Nanotech 2003 Vol. 2

Authors: W.G. Conley, A. Raman, C.M. Krousgrill

Affilation: *Purdue Univerrsity, United States*

Pages: 512 - 515

Keywords: atomic scale friction, stick-slip dynamics, friciton force microscopy

Abstract:

This work presents a detailed computational and analytical investigation of Tomlinsons model for atomic scale dry friction [1]. The model (Figure 1) describes a prototypical mechanism of energy dissipation from an atom dragged across a periodic atomic lattice and is often used to model the dynamics of friction force microscope tips [2] and for the atomistic sliding of adsorbate layers on surfaces [3]. While a number of articles in the literature utilize this model [1-13], there is little work in the literature that utilizes the computational and theoretical tools of modern nonlinear dynamical systems for the analysis of this model. This research demonstrates that the use of computational nonlinear dynamics techniques provides a deep insight into the mechanisms of chaotic stick-slip phenomena, the speed dependence of frictional forces and thermodynamics of atomic scale friction. The nonlinear response of the oscillator model is investigated for slow, moderate and high speeds and for different magnitudes of surface potential. The equations of motion are highly nonlinear and time dependent. AUTO [14]-a sophisticated continuation tool for dynamical systems is used to compute the periodic response of the oscillator as a function of translation speed. At very low speeds, the oscillator undergoes stable, periodic stick-slip like motions (Figure 2). However at slow to moderate speeds, the response demonstrates superharmonic and harmonic resonances along with a pair of period doubling bifurcations that destabilize the periodic stick-slip response in a certain range of speeds (Figure 3). The origin of the period doubling bifurcations is investigated using perturbation methods and is shown to be related directly to the onset of parametric instabilities in Tomlinsons model. Regions in parameter space (surface potential magnitude and translation speed) are computed where the periodic solutions are destabilized through period doubling bifurcations. The oscillator demonstrates very complex dynamics in such speed ranges including period doubling cascades to chaotic stick-slip dynamics with large vibration amplitudes (Figure 4). The dynamic response of the model is also computed numerically through MATLAB for varying speeds and surface potential magnitudes. The root mean square friction force on the oscillator is computed for varying speeds (Figure 5). It can be clearly seen that the speed ranges at which friction forces are large correspond directly to the regions of harmonic and superharmonic resonances, and parametric instabilities computed earlier. At sufficiently high speeds, the oscillator returns to low amplitude periodic motions resulting in a corresponding decrease in friction force. This explains the transition to the traditional sliding friction regime observed in macroscale experiments. References [1] J. S. Helman and W. Baltensperger, Simple Model for Dry Friction, Phys. Rev. B, 49, 3831 (1994). [2] Y.S. Leng and S. Jiang, Slow Dynamics in Atomic-Force Microscopy, Phys. Rev. B, 63 193406 (2001). [3] G. He and M. Robins, Simulations of Static Friction due to Absorbed Molecules. Phys. Rev. B, 64, 25413 (2001). [4] H. Matsukawa and H. Fukuyama, Theoretical Study of Friction: One Dimensional Clean Surfaces, Phys. Rev. B, 49 17286 (1994). [5] J. Adams, L. Hector, and D. Siegel, Adhesion, Lubrication, and Wear on the Atomic Scale, Surface and Interface Analysis, 31 619 (2001). [6] H. Suda, Origin of Friction Derived from Rupture Mechanics, Langmuir, 17 6045 (2001). [7] L. Wenning, Friction Laws for Elastic Nanoscale Contacts, Europhys. Letters, 54 693 (2001) [8] Y. Sang and M. Dube, Thermal Effects on Atomic Friction, Phys. Rev. Lett., 87, 174301 (2001) [9] B. Li and P. Clapp, MD simulations of Stick-Slip, J. App. Phys., 90, 3090 (2001). [10] W. Zhong and D. Tomanek, First Principles Theory of Atomic Scale Friction, Phys. Rev. Lett., 64, 3054 (1990). [11] E. Gnecco and R. Benewitz, Friction Experiments on the Nanometer Scale, Journal of Physics C, 13, R619 (2001). [12] G. V. Dedkov, Experimental and Theoretical Aspects of the Modern Nanotribolgy, Physica Satus Solidi A, 179, 3 (2001). [13] G. V. Dedkov, Friction on the Nanoscale: New Physical Mechanisms, Materials Letters, 38, 360 (1999). [14] E. J. Doedel, A. R. Champneys, T. F. Fairgrieve, Y. A. Kuznetsov, B. Sandstede, and X. Wang, AUTO 97: Continuation and Bifurcation software for Ordinary Differential Equations (with HomCont), http://www.cs.concordia.ca/auto, 1998.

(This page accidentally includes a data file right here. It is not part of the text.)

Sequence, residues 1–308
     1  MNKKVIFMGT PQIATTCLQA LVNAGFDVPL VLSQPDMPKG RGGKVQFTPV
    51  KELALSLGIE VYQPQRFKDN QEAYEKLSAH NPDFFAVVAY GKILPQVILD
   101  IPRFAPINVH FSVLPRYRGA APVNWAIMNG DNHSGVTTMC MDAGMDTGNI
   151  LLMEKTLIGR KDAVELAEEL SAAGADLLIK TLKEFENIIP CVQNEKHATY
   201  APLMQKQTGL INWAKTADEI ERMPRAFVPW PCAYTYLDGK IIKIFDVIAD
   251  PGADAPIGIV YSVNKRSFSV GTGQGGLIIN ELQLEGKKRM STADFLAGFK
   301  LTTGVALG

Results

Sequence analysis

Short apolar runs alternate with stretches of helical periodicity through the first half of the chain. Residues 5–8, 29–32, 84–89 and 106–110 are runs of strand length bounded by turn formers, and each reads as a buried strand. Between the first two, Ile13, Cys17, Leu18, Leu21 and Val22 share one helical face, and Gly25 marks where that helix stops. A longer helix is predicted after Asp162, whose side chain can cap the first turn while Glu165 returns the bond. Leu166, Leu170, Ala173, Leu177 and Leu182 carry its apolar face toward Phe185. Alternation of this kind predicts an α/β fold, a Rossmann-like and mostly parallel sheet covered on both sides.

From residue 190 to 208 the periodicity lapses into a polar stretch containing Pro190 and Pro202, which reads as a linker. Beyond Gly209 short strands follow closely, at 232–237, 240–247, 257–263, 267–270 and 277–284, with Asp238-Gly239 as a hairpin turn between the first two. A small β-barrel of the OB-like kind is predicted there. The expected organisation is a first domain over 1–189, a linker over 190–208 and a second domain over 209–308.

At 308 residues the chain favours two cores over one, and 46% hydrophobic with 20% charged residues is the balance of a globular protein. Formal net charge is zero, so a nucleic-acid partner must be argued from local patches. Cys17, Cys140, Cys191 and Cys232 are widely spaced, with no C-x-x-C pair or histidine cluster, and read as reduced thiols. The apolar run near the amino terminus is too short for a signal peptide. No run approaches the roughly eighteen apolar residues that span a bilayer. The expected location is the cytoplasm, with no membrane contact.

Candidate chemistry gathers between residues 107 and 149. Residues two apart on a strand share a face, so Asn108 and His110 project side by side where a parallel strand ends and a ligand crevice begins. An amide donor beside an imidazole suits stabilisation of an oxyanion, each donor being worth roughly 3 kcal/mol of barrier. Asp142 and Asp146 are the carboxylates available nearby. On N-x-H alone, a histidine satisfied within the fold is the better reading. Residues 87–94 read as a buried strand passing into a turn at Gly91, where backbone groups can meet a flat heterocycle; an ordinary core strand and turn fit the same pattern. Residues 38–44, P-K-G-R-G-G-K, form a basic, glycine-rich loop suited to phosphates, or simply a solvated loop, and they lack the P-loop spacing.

ISBN: 0-9728422-1-7

Pages: 600

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